Much higher rates of requiring dialysis were noted in two other catastrophic earthquakes: 54 percent in the Kobe earthquake and 75 percent in the Marmara earthquake [11,13,14]. In the Kobe earthquake, the need for hemodialysis correlated directly with increased serum creatine kinase (CK) levels, as dialysis was required in 84 and 39 percent of patients with a CK level greater or less than 75,000 U/L, respectively [11].

–  –  –

In the Kobe and Marmara earthquakes, the time under the rubble correlated inversely with both serum creatine kinase (CK) and the frequency of requiring dialysis. A possible explanation for these counterintuitive findings is that victims with more extensive muscle injury and higher CK levels died before they were transported to the hospital.

CLINICAL MANIFESTATIONS — The most typical local finding of rhabdomyolysis is compartment syndrome, due to swollen muscles. Patients suffer from severe pain, weakness, paresthesia, paresis or paralysis and pallor in the affected extremities. Distal pulses may be absent when intracompartmental pressure is very high, although increased intracompartmental pressure may be present even when distal pulses are palpable. In traumatic rhabdomyolysis, signs of blunt or penetrating trauma are also present.

AKI resulting from heme pigment-induced ATN is usually characterized by an initial oliguric period followed by polyuria, which usually starts within one to three weeks after the primary event. Some cases may present with a nonoliguric course.

Hypovolemia — Some patients with rhabdomyolysis have been immobile or comatose for significant periods of time. As a result, hypovolemia due to absence of fluid intake plus ongoing losses may be observed. This is particularly important among patients with rhabdomyolysis due to crush injury, since they may have been immobilized for hours to days. In addition, third spacing at the site of muscle injury among such patients significantly worsens hypovolemia. The latter phenomenon typically starts only after decompression, due to reperfusion of the traumatized muscle.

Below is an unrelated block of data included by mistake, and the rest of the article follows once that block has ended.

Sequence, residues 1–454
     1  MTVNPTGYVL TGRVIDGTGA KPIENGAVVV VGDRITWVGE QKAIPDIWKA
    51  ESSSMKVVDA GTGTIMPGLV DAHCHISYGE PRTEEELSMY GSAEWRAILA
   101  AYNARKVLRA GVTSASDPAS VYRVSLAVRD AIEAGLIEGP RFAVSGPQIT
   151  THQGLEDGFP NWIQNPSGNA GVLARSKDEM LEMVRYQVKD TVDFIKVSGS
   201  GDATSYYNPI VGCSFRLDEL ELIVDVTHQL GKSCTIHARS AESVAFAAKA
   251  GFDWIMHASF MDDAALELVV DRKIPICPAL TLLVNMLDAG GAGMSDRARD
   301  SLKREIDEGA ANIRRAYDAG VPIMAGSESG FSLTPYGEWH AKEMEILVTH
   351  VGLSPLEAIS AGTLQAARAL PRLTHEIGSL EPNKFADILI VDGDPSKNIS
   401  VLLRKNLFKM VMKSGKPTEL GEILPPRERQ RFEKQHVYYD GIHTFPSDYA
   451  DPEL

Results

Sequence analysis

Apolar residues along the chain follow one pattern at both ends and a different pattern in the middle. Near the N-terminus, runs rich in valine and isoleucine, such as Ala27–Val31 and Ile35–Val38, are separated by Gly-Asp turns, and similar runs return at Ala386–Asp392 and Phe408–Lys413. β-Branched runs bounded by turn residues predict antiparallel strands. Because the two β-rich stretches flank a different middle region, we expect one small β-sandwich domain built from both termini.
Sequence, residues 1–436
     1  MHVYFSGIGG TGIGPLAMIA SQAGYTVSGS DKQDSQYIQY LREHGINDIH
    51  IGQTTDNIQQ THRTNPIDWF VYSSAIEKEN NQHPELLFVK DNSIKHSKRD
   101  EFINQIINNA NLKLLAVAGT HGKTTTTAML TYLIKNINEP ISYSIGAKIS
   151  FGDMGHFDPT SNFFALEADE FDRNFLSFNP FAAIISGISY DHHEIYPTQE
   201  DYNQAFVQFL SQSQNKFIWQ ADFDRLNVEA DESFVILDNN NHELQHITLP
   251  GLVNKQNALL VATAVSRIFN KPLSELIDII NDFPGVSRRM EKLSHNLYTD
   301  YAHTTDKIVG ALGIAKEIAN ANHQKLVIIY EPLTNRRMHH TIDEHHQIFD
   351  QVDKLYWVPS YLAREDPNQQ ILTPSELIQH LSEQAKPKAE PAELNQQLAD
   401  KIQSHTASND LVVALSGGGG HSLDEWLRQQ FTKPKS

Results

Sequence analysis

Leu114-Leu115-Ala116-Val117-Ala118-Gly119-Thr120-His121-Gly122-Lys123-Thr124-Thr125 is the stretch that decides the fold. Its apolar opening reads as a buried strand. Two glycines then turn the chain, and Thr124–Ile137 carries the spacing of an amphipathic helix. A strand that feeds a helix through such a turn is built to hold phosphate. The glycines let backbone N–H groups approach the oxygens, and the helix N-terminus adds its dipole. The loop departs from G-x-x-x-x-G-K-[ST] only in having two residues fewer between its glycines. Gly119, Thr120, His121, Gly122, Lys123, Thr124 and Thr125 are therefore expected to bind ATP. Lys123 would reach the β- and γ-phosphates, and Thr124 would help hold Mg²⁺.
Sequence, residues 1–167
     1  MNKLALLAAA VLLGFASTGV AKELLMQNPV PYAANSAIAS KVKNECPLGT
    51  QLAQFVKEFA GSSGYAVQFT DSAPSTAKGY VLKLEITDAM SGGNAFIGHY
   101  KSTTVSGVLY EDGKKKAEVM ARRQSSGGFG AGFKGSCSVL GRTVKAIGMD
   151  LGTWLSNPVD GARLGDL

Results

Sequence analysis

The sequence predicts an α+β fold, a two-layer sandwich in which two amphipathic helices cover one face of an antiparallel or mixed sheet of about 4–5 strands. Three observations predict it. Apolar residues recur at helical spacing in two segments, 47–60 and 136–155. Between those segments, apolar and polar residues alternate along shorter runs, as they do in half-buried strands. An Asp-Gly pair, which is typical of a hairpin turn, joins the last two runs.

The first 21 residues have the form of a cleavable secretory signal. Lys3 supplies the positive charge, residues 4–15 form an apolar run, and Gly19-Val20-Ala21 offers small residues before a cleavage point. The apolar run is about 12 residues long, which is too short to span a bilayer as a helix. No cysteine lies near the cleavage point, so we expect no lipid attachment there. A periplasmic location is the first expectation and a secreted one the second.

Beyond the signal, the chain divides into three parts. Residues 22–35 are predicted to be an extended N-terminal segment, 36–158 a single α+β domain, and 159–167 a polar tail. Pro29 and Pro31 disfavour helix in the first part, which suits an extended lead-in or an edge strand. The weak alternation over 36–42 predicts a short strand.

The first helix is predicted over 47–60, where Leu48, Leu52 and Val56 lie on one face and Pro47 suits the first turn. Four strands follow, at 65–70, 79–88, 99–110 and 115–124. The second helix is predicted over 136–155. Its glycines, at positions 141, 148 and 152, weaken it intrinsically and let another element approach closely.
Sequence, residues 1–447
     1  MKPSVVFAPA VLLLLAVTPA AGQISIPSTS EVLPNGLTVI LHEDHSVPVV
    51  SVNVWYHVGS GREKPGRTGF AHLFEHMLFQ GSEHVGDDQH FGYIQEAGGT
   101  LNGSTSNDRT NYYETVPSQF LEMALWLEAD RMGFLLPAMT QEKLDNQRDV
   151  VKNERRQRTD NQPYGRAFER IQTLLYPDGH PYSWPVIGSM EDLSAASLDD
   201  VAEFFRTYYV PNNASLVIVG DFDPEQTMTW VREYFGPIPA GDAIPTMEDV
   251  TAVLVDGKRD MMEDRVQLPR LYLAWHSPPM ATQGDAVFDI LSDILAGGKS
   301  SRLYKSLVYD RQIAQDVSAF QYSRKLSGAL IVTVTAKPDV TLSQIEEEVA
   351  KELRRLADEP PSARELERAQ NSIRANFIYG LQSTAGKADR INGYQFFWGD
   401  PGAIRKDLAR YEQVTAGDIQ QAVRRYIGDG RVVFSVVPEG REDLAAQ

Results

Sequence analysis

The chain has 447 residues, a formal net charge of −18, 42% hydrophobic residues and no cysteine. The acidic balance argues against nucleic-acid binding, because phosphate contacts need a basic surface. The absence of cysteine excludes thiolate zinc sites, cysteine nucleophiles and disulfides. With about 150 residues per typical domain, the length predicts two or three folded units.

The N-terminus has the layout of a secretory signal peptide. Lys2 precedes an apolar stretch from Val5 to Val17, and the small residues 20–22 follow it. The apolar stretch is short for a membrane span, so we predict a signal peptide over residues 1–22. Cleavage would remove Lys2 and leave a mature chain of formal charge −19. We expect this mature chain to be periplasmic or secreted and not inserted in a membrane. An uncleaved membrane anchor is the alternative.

Dark urine — The characteristic manifestation of heme pigment-induced ATN is discolored urine.

Marked release of myoglobin leads to red or brown (or even black) urine, unless pigment excretion is limited because of a low glomerular filtration rate, extreme dilution of the urine due to preventive fluid administration, or clearance from the plasma by the reticuloendothelial system [15]. Urinalysis also reveals pigmented granular casts.





The plasma is typically normal in color with myoglobinuria. This is in contrast to conditions resulting in hemoglobinuria-induced ATN, such as massive hemolysis, that are characterized by red-tinted plasma. (See "Clinical features and prevention of heme pigment-induced acute tubular necrosis".) Renal insufficiency — The severity of renal insufficiency ranges widely from a mild elevation in the serum creatinine concentration to oliguric AKI requiring immediate hemodialysis. This variability is due to differences in severity of injury to muscle and presence or absence of volume depletion and/or underlying additional comorbid conditions, particularly sepsis [16,17].